John Steuart Curry (November 14, 1897 – August 29, 1946) was an American painter whose career spanned the years from 1924 until his death. He was noted for his paintings depicting life in his home state, Kansas. Along with Thomas Hart Benton and Grant Wood, he was hailed as one of the three great painters of American Regionalism of the first half of the twentieth century.
Curry's artistic production was varied, including painting, book illustration, prints and posters. For a further discussion of his artistic pieces as individual works, see Artwork by John Steuart Curry.
Curry was born on a farm in Dunavant, Kansas, November 14, 1897. He was the eldest of five children to parents Smith and Margaret Curry. Despite growing up on a Midwestern farm, both of Curry's parents were college educated and had even visited Europe for their honeymoon. Curry's early life consisted of caring for the animals on the farm, attending the nearby high school and excelling in athletics. His childhood home was filled with many reproductions of Peter Paul Rubens and Gustave Doré, and these artists' styles played a significant role in crafting John Curry's own style.
His family was very religious as were most people in Dunavant. Curry was encouraged to paint animals around the farm and at the age of twelve he had his first art lesson. In 1916 John entered the Kansas City Art Institute, but after only a month there he transferred to the Art Institute of Chicago, where he stayed for two years. In 1918 he attended Geneva College in Beaver Falls, Pennsylvania. After he graduated, Curry worked as an illustrator from 1921 to 1926. He worked for several magazines including Boys' Life, St. Nicholas, County Gentleman,and The Saturday Evening Post.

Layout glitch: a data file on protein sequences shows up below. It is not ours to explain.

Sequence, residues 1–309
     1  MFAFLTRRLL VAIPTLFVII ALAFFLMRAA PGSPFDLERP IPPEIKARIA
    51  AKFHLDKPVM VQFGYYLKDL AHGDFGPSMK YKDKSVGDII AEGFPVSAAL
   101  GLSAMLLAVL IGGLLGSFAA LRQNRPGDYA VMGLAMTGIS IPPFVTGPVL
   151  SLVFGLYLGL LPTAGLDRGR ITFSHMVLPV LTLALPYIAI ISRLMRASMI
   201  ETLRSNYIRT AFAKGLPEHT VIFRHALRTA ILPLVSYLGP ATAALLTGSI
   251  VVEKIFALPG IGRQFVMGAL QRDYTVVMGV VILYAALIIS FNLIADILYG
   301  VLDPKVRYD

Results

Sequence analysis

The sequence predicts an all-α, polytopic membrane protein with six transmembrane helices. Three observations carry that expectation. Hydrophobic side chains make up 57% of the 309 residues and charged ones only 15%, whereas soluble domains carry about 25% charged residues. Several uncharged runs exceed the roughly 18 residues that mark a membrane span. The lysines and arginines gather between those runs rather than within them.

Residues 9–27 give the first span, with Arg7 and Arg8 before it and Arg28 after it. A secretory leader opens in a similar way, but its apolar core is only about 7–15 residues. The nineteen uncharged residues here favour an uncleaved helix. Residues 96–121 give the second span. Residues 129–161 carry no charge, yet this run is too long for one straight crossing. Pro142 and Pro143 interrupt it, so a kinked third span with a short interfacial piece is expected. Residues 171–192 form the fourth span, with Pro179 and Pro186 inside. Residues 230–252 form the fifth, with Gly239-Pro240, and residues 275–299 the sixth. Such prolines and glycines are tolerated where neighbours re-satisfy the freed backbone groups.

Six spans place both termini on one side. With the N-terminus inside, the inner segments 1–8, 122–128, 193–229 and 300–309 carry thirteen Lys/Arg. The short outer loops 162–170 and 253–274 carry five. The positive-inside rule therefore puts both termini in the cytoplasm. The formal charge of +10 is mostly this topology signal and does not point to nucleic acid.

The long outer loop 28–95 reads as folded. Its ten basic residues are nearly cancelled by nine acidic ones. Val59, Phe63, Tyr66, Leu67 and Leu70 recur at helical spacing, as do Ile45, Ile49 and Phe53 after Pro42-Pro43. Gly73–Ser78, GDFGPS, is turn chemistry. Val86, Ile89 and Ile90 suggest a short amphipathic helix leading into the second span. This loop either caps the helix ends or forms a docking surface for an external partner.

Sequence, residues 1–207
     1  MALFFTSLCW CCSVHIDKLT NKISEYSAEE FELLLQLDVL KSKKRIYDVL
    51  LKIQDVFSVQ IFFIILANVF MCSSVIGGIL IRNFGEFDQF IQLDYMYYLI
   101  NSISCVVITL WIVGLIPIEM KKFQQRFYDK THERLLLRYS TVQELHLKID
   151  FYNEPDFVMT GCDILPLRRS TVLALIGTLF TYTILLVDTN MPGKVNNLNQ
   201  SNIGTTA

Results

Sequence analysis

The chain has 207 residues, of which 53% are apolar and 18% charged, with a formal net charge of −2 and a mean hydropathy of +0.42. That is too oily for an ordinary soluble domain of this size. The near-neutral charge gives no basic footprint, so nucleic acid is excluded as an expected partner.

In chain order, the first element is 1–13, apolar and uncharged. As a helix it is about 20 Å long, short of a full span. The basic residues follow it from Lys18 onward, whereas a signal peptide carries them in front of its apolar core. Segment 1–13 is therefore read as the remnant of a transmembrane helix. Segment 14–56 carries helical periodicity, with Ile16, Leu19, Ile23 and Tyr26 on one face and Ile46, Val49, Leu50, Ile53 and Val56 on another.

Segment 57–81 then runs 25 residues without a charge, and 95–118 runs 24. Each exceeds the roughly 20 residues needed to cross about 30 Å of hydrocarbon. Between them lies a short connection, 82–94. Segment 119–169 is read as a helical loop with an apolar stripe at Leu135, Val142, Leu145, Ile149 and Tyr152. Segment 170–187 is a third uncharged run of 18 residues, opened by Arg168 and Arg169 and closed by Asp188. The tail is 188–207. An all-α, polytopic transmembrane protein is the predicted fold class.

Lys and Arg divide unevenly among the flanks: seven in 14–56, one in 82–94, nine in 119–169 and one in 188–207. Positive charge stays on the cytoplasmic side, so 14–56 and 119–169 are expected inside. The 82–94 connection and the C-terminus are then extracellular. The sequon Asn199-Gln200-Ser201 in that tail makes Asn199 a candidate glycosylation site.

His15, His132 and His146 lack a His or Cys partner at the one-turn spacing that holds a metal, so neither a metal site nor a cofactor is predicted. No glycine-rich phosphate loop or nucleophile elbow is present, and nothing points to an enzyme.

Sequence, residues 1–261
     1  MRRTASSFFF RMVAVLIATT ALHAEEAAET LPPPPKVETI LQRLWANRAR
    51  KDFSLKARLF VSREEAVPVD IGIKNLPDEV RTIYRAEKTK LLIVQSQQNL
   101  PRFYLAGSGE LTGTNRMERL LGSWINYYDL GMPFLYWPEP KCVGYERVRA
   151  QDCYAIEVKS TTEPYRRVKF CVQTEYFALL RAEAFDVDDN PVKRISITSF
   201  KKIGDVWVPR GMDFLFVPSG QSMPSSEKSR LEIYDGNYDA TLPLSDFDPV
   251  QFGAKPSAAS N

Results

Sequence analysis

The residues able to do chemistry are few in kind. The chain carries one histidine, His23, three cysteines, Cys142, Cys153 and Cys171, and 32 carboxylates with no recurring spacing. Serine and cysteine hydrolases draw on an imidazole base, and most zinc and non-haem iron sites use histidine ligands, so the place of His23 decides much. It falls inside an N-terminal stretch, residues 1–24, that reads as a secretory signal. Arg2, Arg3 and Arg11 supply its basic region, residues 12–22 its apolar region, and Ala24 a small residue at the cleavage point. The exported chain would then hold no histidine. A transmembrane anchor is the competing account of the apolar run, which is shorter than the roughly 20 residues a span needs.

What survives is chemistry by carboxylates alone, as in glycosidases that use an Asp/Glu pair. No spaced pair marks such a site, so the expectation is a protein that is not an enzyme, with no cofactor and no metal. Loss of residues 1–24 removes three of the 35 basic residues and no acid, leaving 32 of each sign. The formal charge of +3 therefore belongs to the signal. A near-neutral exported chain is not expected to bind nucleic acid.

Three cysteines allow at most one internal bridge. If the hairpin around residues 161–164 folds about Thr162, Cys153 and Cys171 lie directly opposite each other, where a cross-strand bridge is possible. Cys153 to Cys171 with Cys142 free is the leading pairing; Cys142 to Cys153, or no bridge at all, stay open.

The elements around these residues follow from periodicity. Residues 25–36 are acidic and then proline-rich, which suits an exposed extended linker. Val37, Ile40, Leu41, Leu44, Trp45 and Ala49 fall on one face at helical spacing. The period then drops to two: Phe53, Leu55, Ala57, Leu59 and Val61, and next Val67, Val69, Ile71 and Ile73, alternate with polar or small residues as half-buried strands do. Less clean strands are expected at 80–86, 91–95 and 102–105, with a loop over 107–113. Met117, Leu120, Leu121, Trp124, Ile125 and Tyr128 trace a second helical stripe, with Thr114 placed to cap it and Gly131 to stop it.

In 1926 Curry spent a year in Paris studying the works of Gustave Courbet, and Honoré Daumier as well as the color techniques of Titian and Rubens. After his return to the United States he settled in New York City and married Clara Derrick, shortly thereafter they moved to Westport, Connecticut in 1924. Clara died in June 1932 and for the next two years Curry devoted his time to working in his studio. He traveled with the Ringling Brothers Circus and during his time with them created his painting The Flying Cadonas. He remarried in 1934 to Kathleen Gould. The Federal Art Project was instituted in 1934 as a way to give work to artists and alleviate the effects of the Great Depression.
In 1936, Curry was appointed as the first artist-in-residence at the Agricultural College of the University of Wisconsin–Madison. He was free to travel throughout the state and promote art in farming communities by providing personal instruction to students. This same year he was commissioned to paint a mural for the Department of Justice Building and Main Interior Building in Washington. He was also commissioned by his home state of Kansas to paint a mural for the State Capitol at Topeka. In 1937, Curry was installed as the artist-in-residence at the University of Wisconsin in Madison. In 1937, he was elected into the National Academy of Design as an Associate member, and became a full Academician in 1943. Curry continued to work at the University of Wisconsin until he died of a heart attack at the age of 48 in 1946.
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